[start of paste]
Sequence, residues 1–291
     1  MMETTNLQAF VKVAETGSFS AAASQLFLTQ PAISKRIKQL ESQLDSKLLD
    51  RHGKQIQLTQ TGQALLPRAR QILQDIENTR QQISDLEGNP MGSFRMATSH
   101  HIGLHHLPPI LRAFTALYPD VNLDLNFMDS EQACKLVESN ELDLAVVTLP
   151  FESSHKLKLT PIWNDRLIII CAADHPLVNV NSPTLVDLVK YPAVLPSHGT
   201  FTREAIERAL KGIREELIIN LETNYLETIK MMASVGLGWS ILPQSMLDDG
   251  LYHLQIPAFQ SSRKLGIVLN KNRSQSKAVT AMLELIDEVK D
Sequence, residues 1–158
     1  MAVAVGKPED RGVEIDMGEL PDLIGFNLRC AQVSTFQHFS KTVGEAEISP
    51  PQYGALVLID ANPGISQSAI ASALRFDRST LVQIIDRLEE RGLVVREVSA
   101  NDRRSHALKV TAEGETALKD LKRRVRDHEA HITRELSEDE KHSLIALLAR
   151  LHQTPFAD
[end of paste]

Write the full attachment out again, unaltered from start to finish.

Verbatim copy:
Sequence, residues 1–291
     1  MMETTNLQAF VKVAETGSFS AAASQLFLTQ PAISKRIKQL ESQLDSKLLD
    51  RHGKQIQLTQ TGQALLPRAR QILQDIENTR QQISDLEGNP MGSFRMATSH
   101  HIGLHHLPPI LRAFTALYPD VNLDLNFMDS EQACKLVESN ELDLAVVTLP
   151  FESSHKLKLT PIWNDRLIII CAADHPLVNV NSPTLVDLVK YPAVLPSHGT
   201  FTREAIERAL KGIREELIIN LETNYLETIK MMASVGLGWS ILPQSMLDDG
   251  LYHLQIPAFQ SSRKLGIVLN KNRSQSKAVT AMLELIDEVK D
Sequence, residues 1–158
     1  MAVAVGKPED RGVEIDMGEL PDLIGFNLRC AQVSTFQHFS KTVGEAEISP
    51  PQYGALVLID ANPGISQSAI ASALRFDRST LVQIIDRLEE RGLVVREVSA
   101  NDRRSHALKV TAEGETALKD LKRRVRDHEA HITRELSEDE KHSLIALLAR
   151  LHQTPFAD